The idea for my series of Christian Biographies for Young Readers came a few years ago, in 2008, just before Calvin's 500th anniversary, when I was burdened by the lack of serious Christian biographies for children under 12 years of age. The books on t...
The book is scheduled to be published by the end of August. I am giving everyone time to receive it and read it, then the tour will start! Thank you everyone who agreed to host the tour!
Friday, September 16
Tuesday, September 20
Thursday, September 22
2. Weight of a Flame, the Passion of Olympia Morata, is my first historical novel (aimed mostly at young girls), and the fifth title in the series Chosen Daughters by P&R. It will be out on September 20th. In the story, Olympia Morata, a young Italian scholar (arguably the most prolific woman writer of the Reformation), learns to overcome the pain of rejection, religious persecution, exile, illness, poverty, and war by resting her hope on God's promises. Although her circumstances may be exceptional, her responses and feelings are universal, and young girls will easily identify with her. It's a true story - dramatic, but also poetic and inspiring.
3. Lady Jane Grey, fifth title in the series Christian Biographies for Young Readers, published by Reformation Heritage Books, is under way! Matt has just started sketching the illustrations and I will be taking photos of our models in the next few weeks. I am also in the process of re-checking my manuscript. Professor Eric Ives, Emeritus Professor of English History at the University of Birmingham and author of Lady Jane Grey, a Tudor Mystery (arguably the most authoritative book on the subject), has graciously agreed to check my final manuscript. Dr. Diarmaid MacCullough, Professor of History of the Church at the University of Oxford, has also kindly answered my questions on the intriguing time of English history when Lady Jane lived. I could never thank them enough!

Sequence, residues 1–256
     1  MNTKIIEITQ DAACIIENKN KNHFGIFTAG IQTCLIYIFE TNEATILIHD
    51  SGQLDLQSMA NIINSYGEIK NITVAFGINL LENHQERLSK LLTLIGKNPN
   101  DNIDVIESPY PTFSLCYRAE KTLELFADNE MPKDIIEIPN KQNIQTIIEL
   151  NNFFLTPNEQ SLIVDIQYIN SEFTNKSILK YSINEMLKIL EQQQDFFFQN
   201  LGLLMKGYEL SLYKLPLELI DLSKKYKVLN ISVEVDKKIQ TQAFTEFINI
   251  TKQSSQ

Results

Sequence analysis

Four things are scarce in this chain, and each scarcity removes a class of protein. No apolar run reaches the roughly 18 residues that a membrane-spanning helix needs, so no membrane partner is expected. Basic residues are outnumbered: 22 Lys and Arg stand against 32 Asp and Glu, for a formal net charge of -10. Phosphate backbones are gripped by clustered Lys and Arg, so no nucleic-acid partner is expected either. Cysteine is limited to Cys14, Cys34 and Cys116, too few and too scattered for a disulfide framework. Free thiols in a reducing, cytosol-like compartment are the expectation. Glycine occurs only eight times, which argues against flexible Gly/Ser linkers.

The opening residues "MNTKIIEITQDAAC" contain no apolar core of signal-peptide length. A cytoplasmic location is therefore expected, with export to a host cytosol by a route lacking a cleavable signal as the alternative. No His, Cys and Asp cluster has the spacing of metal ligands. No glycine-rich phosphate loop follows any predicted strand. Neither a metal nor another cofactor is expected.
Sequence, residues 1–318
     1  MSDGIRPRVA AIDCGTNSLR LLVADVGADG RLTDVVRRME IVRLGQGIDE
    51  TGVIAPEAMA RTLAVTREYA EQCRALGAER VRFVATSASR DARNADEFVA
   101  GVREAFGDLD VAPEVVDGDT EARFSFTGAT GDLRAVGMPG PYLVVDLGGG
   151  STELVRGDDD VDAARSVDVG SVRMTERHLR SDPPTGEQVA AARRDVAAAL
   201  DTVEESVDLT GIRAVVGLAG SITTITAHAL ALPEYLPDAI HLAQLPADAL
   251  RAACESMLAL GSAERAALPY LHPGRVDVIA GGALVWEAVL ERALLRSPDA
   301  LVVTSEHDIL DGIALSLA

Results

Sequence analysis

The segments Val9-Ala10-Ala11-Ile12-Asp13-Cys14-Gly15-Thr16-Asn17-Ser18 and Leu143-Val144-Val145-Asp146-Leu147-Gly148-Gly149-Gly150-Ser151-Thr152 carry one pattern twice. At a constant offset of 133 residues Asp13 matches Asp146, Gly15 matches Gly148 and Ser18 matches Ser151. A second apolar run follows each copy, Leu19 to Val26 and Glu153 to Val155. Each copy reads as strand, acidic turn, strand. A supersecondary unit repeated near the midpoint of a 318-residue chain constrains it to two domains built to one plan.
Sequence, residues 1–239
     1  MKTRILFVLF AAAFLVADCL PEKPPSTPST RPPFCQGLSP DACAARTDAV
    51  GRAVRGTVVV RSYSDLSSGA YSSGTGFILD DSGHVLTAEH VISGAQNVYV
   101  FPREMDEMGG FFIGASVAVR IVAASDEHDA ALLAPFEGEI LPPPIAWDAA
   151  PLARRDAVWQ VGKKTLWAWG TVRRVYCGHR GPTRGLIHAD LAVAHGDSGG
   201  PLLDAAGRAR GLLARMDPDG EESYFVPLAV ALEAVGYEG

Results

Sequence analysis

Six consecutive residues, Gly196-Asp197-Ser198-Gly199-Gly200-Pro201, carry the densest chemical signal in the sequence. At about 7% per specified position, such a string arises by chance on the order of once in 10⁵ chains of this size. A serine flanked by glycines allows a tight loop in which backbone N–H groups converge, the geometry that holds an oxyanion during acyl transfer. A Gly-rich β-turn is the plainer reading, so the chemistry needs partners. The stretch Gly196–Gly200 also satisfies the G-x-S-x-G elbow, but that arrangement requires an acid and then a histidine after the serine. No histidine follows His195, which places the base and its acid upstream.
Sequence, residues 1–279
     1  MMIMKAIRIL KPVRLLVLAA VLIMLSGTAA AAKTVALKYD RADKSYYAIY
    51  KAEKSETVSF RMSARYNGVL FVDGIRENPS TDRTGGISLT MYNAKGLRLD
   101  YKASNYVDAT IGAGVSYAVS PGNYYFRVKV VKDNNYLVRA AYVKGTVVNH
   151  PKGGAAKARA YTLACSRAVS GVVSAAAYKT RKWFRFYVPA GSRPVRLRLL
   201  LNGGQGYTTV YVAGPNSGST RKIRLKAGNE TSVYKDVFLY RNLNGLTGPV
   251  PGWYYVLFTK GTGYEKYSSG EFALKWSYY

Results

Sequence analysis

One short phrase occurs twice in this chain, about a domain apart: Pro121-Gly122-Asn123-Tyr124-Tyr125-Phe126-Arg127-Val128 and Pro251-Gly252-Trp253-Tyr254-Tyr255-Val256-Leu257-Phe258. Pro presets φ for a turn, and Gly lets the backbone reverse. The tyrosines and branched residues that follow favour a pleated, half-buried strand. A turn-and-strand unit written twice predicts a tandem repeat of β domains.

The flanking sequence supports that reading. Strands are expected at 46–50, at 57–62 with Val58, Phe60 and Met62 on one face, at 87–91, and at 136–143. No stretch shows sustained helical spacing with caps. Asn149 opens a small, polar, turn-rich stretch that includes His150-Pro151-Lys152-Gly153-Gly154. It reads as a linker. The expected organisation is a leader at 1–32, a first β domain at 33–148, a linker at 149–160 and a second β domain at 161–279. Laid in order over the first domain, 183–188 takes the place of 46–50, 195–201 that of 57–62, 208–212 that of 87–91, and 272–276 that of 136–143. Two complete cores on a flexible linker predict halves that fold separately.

Originally, in my book on Athanasius, I had mentioned that bishops had more power than they do today. Since most of my young readers are probably not very familiar with the role of bishops, I had described them as "in charge of many churches." That created a problem. A Protestant child may think of a pastor, and what kind of "power" does a pastor hold? My editor, Annette Gysen, and I went back and forth with emails for a while discussing what power bishops held in those days (fourth century AD) and how to explain it to children.
1. The bishops' authority depended much on their strength as opposed to the emperor's strength. It was difficult for a bishop to oppose a strong emperor. Bishops like Athanasius, Ambrose, Augustine, and Cyril were strong personalities.
2. Bishops had a strong impact on their people because they lasted longer than emperors, who often died in battle, at the hand of traitors, etc.
3. Bishops had a better knowledge of their cities than emperors, who lived far away.
4. Bishops lent material help to their people. In Alexandria, bishops granted food to about 1500 people. In Milan, Ambrose rescued the prisoners after the battle of Adrianopolis with the church's money - for this reason, they were very popular, and emperors could not ignore them.